HOME > Chowhound > General Topics >

Discussion

What to bring a new neighbor??

The last time I had new neighbor I made oatmeal chocolate chip cookies and put them in pretty basket with a (new) tea towel. Come to find out later one child had celiacs and the parents were (at the time) low carbers. I felt terrible.

Our neighborhood isn't really one. It's basically a long country road that abuts a state park, has no street lights and most houses are close enough to see but not really close that you see each other out and about. They are thru woods kind of behind my house so it's not like I am going to see them over the fence or run into walking around the area.

I still would like to cook/bake/make something but am at a loss on what would be a safe bet. A loaf of homemade bread with good butter? Scones and jam? a pot of soup? I wish I could tell if they had a dog as I thought home made dog biscuits could be fun but so far no evidence of a pet.

So in this age of increased food allergies and sensitivities is this even a good idea anymore? Based on the hostess gift thread I know to never ever ever ever bring lilies or scented candles, LOL.

If you were new to the neighborhood what would make you feel welcome?

  1. Click to Upload a photo (10 MB limit)
Delete
  1. Honey almond cake. I got one and it's great with coffee.

    1 Reply
    1. re: wattacetti

      This is no better than the OP's oatmeal cookies if there are allergies or dietary concerns. Unfortunately, I don't think it's a good idea to bake something if you don't know the families no-no's.

      The only reasonably safe thing that comes to mind is a pot of homemade vegetarian soup and even then, there could be problem ingredients.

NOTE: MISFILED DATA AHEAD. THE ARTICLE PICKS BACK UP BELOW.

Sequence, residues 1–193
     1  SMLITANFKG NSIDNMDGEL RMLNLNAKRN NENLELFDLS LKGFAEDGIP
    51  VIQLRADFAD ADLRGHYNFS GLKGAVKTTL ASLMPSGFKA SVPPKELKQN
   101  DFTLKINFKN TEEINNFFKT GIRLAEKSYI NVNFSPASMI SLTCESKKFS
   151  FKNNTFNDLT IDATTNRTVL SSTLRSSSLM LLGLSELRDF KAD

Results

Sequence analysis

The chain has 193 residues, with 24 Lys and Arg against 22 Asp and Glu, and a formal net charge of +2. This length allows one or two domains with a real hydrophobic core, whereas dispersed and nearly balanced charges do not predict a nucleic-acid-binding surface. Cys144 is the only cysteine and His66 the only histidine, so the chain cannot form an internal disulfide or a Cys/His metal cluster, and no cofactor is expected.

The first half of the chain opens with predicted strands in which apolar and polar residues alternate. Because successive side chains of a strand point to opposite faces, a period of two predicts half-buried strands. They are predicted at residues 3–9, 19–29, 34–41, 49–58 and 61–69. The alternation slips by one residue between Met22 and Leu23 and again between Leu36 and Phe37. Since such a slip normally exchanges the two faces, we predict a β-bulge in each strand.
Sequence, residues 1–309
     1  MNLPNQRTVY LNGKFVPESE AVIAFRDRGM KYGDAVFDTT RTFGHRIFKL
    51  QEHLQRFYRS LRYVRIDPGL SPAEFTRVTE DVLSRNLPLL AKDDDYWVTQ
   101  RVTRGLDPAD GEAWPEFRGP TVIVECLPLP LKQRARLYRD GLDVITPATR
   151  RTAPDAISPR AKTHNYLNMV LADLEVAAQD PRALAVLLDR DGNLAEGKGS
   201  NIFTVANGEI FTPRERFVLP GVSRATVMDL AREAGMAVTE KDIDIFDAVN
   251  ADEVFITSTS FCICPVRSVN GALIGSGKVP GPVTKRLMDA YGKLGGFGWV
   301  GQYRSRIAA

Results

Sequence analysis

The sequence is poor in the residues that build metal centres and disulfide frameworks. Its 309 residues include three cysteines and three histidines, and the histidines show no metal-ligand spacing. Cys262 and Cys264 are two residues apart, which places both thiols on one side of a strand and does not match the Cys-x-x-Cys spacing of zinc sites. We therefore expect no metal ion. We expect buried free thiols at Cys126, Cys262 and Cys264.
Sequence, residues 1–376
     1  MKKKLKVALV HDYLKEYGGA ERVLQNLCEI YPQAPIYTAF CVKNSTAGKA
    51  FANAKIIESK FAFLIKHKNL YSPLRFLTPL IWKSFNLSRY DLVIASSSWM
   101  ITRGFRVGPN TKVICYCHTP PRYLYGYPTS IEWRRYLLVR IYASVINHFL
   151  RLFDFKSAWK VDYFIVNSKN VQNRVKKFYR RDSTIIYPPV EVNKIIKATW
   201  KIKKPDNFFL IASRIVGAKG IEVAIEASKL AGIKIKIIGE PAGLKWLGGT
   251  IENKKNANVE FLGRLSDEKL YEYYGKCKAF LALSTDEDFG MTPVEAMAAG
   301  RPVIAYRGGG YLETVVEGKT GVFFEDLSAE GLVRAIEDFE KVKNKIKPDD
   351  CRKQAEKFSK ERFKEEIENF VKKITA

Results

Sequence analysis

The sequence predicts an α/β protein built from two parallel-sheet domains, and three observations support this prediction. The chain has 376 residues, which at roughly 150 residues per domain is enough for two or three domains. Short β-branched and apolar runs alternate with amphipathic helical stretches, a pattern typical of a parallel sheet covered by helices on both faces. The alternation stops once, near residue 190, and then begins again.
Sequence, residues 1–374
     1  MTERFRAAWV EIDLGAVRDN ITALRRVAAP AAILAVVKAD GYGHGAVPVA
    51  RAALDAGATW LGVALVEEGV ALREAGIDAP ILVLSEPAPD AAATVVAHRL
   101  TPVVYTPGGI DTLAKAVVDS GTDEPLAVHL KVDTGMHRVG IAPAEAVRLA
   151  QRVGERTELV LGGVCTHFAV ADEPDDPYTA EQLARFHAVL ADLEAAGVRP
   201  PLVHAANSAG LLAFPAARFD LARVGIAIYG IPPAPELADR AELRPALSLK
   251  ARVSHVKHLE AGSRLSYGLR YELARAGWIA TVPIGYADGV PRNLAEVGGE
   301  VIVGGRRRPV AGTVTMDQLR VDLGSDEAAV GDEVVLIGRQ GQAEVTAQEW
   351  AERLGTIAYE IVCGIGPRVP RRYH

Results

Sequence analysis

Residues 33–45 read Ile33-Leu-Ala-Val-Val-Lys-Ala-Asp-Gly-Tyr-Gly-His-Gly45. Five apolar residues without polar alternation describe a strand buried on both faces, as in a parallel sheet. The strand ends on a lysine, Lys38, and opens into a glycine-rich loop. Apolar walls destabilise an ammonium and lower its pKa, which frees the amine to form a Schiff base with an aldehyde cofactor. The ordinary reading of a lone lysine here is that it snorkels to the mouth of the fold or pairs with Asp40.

I would probably give them a plant or some sort of small item of outdoor decor, like a door wreath, windchime, or seasonal decoration.

    2. How about a gift certificate to a local restaurant that you like and frequent (doesn't have to be high brow), with a nice little jar of jam?

      2 Replies
      1. re: pinehurst

        I just want to say that you are an awfully sweet and thoughtful neighbor.

        1. re: DaisyM

          :-)

          (whispers...also, I don't trust that others will like my cooking! shh!)

      2. Oh I miss the good old days when you brought your new neighbors a batch of warm cookies or fresh brownies and were fast friends who sat on the porch together and had play dates and were each others emergency contacts. I am in my 20s so this was not so long ago! Not sure when or why everything became so complicated but to get back to your OP, I would just invite them over for coffee or tea or iced tea or sugar free lemonade or whatever. That way you can find out if they have any dietary restrictions by observation, and get to know them a bit better to determine if you'd like to invite them into your circle of friends. Moving can be unsettling and it's always nice to have someone reach out to you and introduce themselves.

        1. Yikes.
          A simple note with contact info and a "welcome to the neighborhood" should work. Perhaps a small gift of unscented candles or soap? Love those ideas, and if they work well you could perhaps advance on to a loaf of bread or some dog treats.

          1. I have food allergies - I wouldn't be able to eat anything that a neighbor brought over. That being said, even if you brought something that no one could have (we don't keep any apple products in our house, for example, because I'm severely contact sensitive to them) it would still have the intended effect of making me feel welcome. I'd just quarantine them when you left, wash up just in case, and send them to work with DH, where it would surely be inhaled.

            I think that the vast majority of people with allergies are reasonable enough to know that you aren't out to intentionally harm them - I'm in a support group, and I know that most people just smile, say thank you, and regift.

            I have environmental allergies too, but this time of the year, I would definitely appreciate a potted plant that could be kept outside - keeps the pollen and such out of the house but I still get to have something pretty.

            2 Replies
            1. re: jw615

              The plant is a good idea. I'd like to get that, but id still probably kill it, sadly.

              1. re: TroyTempest

                Oh, I'd probably kill it too. But I would like looking at it and it would make me happy until its untimely death.